Microsoft 365 Business Standard bundles all of the features you need from a hosted email service—email sending and receiving, custom domain addresses, and spam and data loss prevention—along with the Office apps your employees use daily at work. With a $12.50 per user per month single subscription, you get hosted email and web, desktop, and mobile access to Microsoft’s Word, Excel, PowerPoint, Outlook, SharePoint, OneDrive, and OneNote apps. (If you only want the web and mobile versions of apps like Word or Excel, you can also try the Microsoft 365 Business Basic plan for $6 per user per month; it’s a more direct equivalent to Google Workspace.)
In addition to the standard Office apps, Microsoft 365 Business Standard also gives your employees access to some of Microsoft’s hybrid working tools, including Microsoft Teams, the company’s competitor to team chat app Slack. And with Microsoft 365’s Zapier integrations, you can automate all those tools.
Email hosting with a Microsoft 365 subscription is provided through Microsoft Exchange, which is also available as a standalone subscription if you don’t need all of the add-on apps—at just $4 per user per month, it’s roughly the same price as some web host-provided services. And both the lowest-price standalone Exchange plan and Microsoft 365 Business Standard give each of your users up to 50GB of mailbox storage, though the Microsoft 365 Business Standard plan also includes 1TB of OneDrive storage, which can be used to share large file attachments.
Microsoft 365 tools: Email, calendar, contacts, file storage and sharing, file editing and collaboration, voice and video conferencing, instant messaging, team chat, internal social network, intranet, and tasks.
Microsoft 365 price: From $12.50/user/month for the Microsoft 365 Business Standard plan that includes hosted email for up to 300 accounts, 50GB storage per account, and access to all apps listed above; from $4/user/month for the Exchange Online Plan 1 that includes email hosting, shared calendars, and a global address list.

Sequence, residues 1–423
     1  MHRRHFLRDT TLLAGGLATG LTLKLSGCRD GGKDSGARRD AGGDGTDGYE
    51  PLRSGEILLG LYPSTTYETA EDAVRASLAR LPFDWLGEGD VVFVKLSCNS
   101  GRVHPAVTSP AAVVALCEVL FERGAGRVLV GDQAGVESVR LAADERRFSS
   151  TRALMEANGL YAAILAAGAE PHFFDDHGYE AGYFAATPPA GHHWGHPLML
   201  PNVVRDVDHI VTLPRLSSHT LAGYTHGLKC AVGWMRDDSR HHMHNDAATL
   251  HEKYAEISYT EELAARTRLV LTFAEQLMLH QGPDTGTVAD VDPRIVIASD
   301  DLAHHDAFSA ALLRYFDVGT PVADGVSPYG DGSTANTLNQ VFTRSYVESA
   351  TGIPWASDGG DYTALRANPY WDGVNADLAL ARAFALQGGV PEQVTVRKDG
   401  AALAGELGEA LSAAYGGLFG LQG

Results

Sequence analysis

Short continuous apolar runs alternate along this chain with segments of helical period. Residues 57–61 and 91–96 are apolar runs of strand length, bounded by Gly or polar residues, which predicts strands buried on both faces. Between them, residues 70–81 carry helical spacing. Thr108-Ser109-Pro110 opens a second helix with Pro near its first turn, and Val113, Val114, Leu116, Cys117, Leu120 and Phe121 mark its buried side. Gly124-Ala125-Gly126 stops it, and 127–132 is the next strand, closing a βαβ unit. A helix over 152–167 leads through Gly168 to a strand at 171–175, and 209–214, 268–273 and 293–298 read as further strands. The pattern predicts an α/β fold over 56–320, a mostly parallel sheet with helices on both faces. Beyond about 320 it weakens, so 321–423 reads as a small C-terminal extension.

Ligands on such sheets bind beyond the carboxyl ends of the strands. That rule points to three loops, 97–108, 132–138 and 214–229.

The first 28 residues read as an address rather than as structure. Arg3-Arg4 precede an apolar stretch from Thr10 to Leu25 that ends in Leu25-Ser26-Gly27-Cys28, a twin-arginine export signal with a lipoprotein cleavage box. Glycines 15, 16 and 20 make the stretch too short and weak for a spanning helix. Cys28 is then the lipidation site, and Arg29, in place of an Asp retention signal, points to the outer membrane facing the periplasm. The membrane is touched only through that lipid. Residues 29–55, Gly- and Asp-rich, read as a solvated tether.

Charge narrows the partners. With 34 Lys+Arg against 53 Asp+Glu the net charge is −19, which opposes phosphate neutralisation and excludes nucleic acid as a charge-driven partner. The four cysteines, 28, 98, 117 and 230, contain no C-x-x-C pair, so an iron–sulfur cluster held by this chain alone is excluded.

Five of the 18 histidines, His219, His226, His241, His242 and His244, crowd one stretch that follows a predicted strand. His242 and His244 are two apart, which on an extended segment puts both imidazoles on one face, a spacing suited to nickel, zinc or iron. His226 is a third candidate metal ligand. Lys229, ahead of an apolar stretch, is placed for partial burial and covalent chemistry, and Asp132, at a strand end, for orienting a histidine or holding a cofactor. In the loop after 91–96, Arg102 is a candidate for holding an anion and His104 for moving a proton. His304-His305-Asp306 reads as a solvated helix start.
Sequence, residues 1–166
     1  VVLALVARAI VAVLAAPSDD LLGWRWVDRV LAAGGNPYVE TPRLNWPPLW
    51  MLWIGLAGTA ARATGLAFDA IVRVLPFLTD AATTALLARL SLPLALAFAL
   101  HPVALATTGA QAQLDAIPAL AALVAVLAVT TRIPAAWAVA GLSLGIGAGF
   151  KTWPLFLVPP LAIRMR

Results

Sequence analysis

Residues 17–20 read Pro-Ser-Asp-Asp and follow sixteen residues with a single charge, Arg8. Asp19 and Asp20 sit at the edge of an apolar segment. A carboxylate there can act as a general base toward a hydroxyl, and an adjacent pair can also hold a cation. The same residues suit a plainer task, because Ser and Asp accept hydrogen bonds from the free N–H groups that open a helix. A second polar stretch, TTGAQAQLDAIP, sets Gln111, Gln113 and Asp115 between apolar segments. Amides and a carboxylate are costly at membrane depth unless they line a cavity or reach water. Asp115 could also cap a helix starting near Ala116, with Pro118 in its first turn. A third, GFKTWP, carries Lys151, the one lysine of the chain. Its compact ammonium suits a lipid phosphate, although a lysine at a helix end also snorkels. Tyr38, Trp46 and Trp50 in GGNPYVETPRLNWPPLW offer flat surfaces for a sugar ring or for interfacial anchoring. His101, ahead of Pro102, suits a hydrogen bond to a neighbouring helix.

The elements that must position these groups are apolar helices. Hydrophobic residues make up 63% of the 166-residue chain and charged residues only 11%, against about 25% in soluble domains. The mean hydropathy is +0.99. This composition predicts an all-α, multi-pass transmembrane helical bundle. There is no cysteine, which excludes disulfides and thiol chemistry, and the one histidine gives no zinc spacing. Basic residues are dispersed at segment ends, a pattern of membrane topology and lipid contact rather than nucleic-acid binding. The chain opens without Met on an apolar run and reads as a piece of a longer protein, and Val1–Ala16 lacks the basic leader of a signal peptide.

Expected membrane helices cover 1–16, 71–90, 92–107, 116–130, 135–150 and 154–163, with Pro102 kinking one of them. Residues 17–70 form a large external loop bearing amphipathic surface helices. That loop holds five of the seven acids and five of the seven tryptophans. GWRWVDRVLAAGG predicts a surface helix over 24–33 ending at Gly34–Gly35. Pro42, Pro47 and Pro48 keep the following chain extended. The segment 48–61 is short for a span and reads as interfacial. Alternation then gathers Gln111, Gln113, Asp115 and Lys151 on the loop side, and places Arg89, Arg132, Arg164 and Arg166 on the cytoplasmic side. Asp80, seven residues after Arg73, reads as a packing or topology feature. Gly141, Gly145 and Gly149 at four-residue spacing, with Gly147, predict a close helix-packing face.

Best email hosting service for keeping everything on the cloud (and for Google users)
If your organization prefers using cloud-based tools, otherwise relies on apps like Google Drive, or you just prefer Gmail to Outlook, then Google Workspace is your best bet for email hosting.
Google Workspace is Google’s alternative to Microsoft 365, combining email hosting with the company’s own communication and collaboration apps. With a Google Workspace subscription, you get a minimum of 30GB of cloud storage space per user—though Enterprise-tier plans provide as much storage as you need—as well as shared contacts and calendars.
You also get access to Google’s entire set of workplace communication and collaboration tools, including Chat for messaging and Meet for voice/video conferencing, Google Drive for cloud file storage, Keep for note-taking, and access to Google Docs, Sheets, and Slides—some of the most accessible file editing and real-time collaboration tools available. If you use Google’s suite of apps, you can also automate them with Zapier.
Google’s administration tools are simple to use as well, and increasingly have the advanced features businesses need, such as Vault for compliance archival. And since it’s still the Gmail your team already knows how to use, onboarding will be easy.
Google Workspace tools: Email, calendar, contacts, file storage and sharing, file editing and collaboration, voice and video conferencing, instant messaging, team chat, internal social network, intranet, and tasks.
Google Workspace price: From $6/user/month for the Business Starter plan that includes core Google apps and 30GB storage per user; from $18/user/month for the Business Plus plan that includes 5TB storage per user, Vault, and enhanced security and management tools.
Best free email hosting service for email and collaboration tools on a tight budget
Zoho Workplace is Zoho’s version of Microsoft 365 and Google Workspace, offering hosted email, calendars, and contacts, as well as Zoho’s own communication and collaboration apps: WorkDrive (for cloud storage), Office Suite (for creating and collaborating on documents, spreadsheets, and presentations), and Cliq (for team chat). You can automate Zoho Workplace with Zapier integrations for Zoho Mail, Zoho Cliq, Zoho Writer, and Zoho Connect.
It’s worth talking about the email app here too: Zoho Mail is a nice modern take on email with some handy collaboration features. Instead of sending a long message with a subject and signature every time, you can send a quick stream message to colleagues—or share an email from a client that you need to collaborate on. It includes shared email inboxes as well, so everyone on your marketing team can share the same partner and press emails, searching through them all along with their personal emails. And it’s a tabbed app, so you can switch between your inbox, calendar, and a draft email in a tap. If you don’t want any of these features, it also plays nice with any email app of your choosing—so it can just work as a great email backend.
Zoho’s admin panel for email administration is a bit less intuitive than those of some of the other hosting services, but it makes up for it with extremely detailed step-by-step instructions for how to do just about anything you need to do on its platform.
Best of all, if you have five or fewer employees, you can get email hosting for your business domain and Zoho’s ad-free email client for absolutely free. When you add your sixth user, you can get just Zoho Mail for as little as $1 per user per month. If you’re on a tight budget, it’s impossible to beat.